Germany takes back four children linked to Islamic State from Syria

Germany takes back four children linked to Islamic State from Syria
In a groundbreaking first, Germany has allowed children whose parents are suspected of travelling to Syria to join Islamic State to return.
3 min read
20 August, 2019
Kurdish authorities in northeast Syria have handed four children to Germany [AFP/Getty]
The Kurdish authorities in northeast Syria on Monday handed over four children linked with the Islamic State group to Germany, the first such repatriation to the European country, an official said.

German Foreign Minister Heiko Maas said Monday he will push for more children whose parents are suspected members of Islamic State to come to the country, Reuters reported.

"These are mostly young children ... they cannot be made responsible for the actions of their parents and we want to do something to help," he added.

Three of the four children Germany allowed to return from northern Syria are orphans.

"The autonomous region handed over four children from IS families to a delegation from Germany," said Fanar Kaeet, a foreign affairs official with the Kurdish authorities.

They included a boy and two sisters who had lost both parents, and a fatherless girl infant who was repatriated for health reasons, Kurdish authorities said. All are under 10 years old.

A spokeswoman for the German foreign ministry confirmed the handover to staff from its consulate in neighbouring Iraqi Kurdistan at the Simalka border crossing.

"I can confirm that four children who were in custody in northern Syria were able to leave Syria," she said.

"The children were received on the Iraqi-Syrian border by staff of the consulate in Erbil and will be given to family members," the spokeswoman said.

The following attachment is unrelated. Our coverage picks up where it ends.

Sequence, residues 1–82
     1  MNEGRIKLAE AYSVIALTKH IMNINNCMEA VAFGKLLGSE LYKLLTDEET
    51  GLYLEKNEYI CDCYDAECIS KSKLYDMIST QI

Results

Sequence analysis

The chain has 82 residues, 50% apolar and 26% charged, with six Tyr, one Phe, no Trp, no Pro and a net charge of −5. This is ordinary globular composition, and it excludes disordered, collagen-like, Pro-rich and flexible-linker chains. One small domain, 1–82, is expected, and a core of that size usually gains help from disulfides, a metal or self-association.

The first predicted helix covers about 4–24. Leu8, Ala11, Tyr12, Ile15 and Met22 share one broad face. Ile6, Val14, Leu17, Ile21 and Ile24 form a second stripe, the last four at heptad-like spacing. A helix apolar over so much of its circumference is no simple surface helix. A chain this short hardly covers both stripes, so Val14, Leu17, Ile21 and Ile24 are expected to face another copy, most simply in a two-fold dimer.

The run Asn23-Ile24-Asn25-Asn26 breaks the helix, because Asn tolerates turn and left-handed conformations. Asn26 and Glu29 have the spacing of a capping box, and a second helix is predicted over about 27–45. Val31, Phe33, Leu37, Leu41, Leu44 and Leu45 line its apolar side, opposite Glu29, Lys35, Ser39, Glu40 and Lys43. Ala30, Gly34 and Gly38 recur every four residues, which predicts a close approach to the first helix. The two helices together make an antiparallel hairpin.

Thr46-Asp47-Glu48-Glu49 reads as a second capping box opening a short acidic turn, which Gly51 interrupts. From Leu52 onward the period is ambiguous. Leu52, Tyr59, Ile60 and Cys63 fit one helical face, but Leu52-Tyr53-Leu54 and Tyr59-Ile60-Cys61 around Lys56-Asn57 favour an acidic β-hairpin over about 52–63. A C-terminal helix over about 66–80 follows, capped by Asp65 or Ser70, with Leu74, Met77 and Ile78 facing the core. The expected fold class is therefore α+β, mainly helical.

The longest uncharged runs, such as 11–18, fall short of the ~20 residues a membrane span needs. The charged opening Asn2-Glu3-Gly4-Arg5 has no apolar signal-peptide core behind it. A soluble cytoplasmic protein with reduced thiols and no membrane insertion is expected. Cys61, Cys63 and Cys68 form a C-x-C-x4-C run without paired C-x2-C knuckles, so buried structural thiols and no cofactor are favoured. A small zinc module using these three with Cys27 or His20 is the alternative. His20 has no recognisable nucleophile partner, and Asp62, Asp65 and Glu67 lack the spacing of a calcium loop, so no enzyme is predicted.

"From there, the children and their family members will, we believe, travel to Germany." 

Syria's Kurds have spearheaded the US-backed fight against IS in Syria, and in March expelled the extremists from their last patch of territory in the war-torn country's far east.

As they fight remaining sleeper cells, thousands of alleged IS fighters and family members are being held in their custody.

These include hundreds of suspected foreign fighters in their jails, and thousands of their alleged family members in overcrowded camps.

1,000 Germans are believed to have travelled to Syria to join Islamic State. 

Roughly a third have returned to Germany, another third are believed to have died and the rest are believed to be in Iraq and Syria, Reuters reported.

Western countries have been largely reluctant to repatriate their nationals.

But France and Belgium have brought a handful of orphans home, while the United States last year repatriated a woman with her four children.

Kazakhstan, Uzbekistan and Kosovo have repatriated dozens of women and children.

IS overran large parts of Syria and Iraq in 2014, proclaiming a "caliphate" there, but offensives in both countries have seen them lose that territory.

A dozen children of alleged jihadist fighters have been repatriated from Iraq to Germany since March.

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